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Fridley Public Schools
Students sit on a carpet, while looking at their teacher wearing a green apron showing students what is on their tables.

As Hayes Elementary third grade teacher Heidi Hall led her students back to their classroom after specialist class on September 11, students excitedly noticed green, black and white balloons framing the classroom entrance and a familiar sign on their door. Students instantly recognized the Starbucks Coffee logo, but this sign read “Starbooks” and showed a mermaid reading a book. Hall put on a green apron and announced to her students that she was their “bookista” and would help them sample and taste different genres of books that day in their classroom turned cozy coffee shop.

“Finding what students are interested in is my biggest challenge,” Hall said about obstacles she faces in getting her students excited to read. “Students always say to me, ‘I don't like to read.’ When I ask why, they respond with ‘Well, I don't like the book.’” Hall often follows up by asking students what they are interested in to find a book that might pique their interest. She finds if students develop ownership in choosing what book they want to read, they have more success in sticking with the book and finding similar styles in the future.

Heidi Hall helps a student fill out their book tasting menu.

Once students were in the classroom they noticed other coffee shop decorations that transformed the space such as relaxing music, signage, and green table cloths. There was also a table set up with hot chocolate cups and treat bags, but Hall let the students know that they’d get to explore that table after they did their book tasting.

Students sat on the rug first, while Hall explained how the book tasting would go. Each student had a bookmark, a book tasting menu, a placemat and a stir stick at their respective table seats. The stir stick acted as a tracking finger while students read. Students got five minutes each with five different genres of books to see what type of book they liked in genres including biographies, non-fiction, graphic novels, fiction (fantasy) and mystery. Hall explained that it’s OK if a student didn’t like a certain book; this activity was more about finding what they liked.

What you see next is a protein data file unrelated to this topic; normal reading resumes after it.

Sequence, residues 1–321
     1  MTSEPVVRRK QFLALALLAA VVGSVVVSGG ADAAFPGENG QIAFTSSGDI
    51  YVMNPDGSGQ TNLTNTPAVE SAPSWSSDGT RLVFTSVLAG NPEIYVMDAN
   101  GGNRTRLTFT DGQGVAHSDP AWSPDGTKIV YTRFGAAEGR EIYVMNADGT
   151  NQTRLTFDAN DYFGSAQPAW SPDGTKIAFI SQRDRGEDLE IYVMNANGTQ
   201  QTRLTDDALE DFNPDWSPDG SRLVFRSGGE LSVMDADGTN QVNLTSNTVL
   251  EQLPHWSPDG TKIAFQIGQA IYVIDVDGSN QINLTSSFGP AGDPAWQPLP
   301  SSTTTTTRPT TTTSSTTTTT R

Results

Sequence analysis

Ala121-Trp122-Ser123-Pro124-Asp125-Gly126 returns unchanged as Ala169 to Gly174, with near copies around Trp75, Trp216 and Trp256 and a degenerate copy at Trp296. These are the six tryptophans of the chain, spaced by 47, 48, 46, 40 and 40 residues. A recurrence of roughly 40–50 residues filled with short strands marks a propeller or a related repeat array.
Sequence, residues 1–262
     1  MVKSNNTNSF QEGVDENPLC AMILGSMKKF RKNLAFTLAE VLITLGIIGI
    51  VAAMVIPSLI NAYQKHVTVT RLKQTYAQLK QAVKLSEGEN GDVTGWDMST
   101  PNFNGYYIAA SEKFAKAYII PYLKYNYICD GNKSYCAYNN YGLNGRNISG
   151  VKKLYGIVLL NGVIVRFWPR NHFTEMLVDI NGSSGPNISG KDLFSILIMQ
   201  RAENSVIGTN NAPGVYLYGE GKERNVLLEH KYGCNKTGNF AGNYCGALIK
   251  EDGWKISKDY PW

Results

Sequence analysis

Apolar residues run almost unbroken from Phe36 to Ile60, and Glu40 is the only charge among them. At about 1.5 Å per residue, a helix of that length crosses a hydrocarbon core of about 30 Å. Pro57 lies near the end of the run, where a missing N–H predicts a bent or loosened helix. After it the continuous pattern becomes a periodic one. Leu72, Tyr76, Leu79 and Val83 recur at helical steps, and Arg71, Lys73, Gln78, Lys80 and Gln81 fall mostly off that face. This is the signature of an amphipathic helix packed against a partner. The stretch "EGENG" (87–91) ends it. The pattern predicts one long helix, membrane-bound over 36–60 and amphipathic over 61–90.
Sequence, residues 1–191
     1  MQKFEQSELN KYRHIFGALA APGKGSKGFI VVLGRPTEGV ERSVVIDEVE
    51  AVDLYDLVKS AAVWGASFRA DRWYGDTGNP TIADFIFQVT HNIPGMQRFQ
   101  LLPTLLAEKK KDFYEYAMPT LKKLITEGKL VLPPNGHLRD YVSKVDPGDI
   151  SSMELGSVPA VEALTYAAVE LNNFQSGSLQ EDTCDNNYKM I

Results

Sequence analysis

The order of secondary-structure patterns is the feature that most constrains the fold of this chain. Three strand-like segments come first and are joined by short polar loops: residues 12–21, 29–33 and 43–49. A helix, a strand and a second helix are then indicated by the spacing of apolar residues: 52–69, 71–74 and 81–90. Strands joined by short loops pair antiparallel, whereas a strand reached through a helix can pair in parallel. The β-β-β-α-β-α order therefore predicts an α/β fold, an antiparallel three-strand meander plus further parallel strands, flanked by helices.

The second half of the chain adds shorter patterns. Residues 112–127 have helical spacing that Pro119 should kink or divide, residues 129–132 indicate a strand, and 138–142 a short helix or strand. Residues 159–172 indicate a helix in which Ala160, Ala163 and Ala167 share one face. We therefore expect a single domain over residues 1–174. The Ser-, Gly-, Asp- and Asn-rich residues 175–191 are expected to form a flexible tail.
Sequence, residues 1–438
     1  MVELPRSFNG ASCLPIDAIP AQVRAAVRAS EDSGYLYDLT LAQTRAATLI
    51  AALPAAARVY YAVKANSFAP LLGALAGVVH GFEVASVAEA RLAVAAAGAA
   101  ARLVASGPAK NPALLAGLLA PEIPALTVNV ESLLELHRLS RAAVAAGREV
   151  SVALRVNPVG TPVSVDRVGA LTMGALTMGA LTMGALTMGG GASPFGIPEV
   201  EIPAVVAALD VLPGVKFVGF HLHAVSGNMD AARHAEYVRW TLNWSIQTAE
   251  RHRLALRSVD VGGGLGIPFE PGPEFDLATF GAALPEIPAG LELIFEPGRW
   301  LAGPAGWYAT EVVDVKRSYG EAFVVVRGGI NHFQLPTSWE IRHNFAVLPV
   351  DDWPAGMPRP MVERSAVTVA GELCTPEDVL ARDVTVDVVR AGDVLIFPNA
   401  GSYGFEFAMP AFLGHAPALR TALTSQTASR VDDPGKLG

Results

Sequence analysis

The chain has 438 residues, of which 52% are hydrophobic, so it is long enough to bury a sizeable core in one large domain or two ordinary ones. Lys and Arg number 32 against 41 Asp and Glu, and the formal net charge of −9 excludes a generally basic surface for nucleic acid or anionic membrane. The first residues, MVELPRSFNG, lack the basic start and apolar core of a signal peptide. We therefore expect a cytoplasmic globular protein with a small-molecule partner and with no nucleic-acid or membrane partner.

As Hall dismissed students to their tables, they began to taste-test their first books. “My biggest hope is that my students view reading as something they get to do rather than they have to do. It's a treat,” Hall said. “We talked about the coffee shop vibe and how people go there to get away, be with friends and go somewhere new. I think that's exactly what books do for you. You get to make new friends with the characters, you can travel to far away places, and really develop that love of reading.”

A student reads a book.

Every five minutes, Hall would remind students to take notes on the genre they were currently reading and then she transferred the genres to different tables. “One table said to me, I really like graphic novels, so bringing the graphic novels over to them and seeing that excitement on their face was really exciting.”

After their book tasting, students were able to continue to enjoy their cozy, coffee shop vibe by enjoying hot chocolate and a cookie. The next day, students “shopped” for books in Hall’s classroom library and she could tell the excitement was still there because they mentioned seeing certain books during the book tasting. 

“A huge thank you to store manager Gina from the Maple Grove location of Starbucks for helping make this a possibility,” Hall noted. “Gina graciously donated everything, from the cups, the stir sticks, everything. It was amazing. Without that, it would have been hard to see this idea come to life.”

For now, Hall hopes that this excitement and drive continues because her students have found things that they enjoy reading. Reflecting on this experience, Hall emotionally beamed, “They're going to recess, they're going to lunch, and they're talking about it. Hearing them excited about reading, I think for me, is huge.”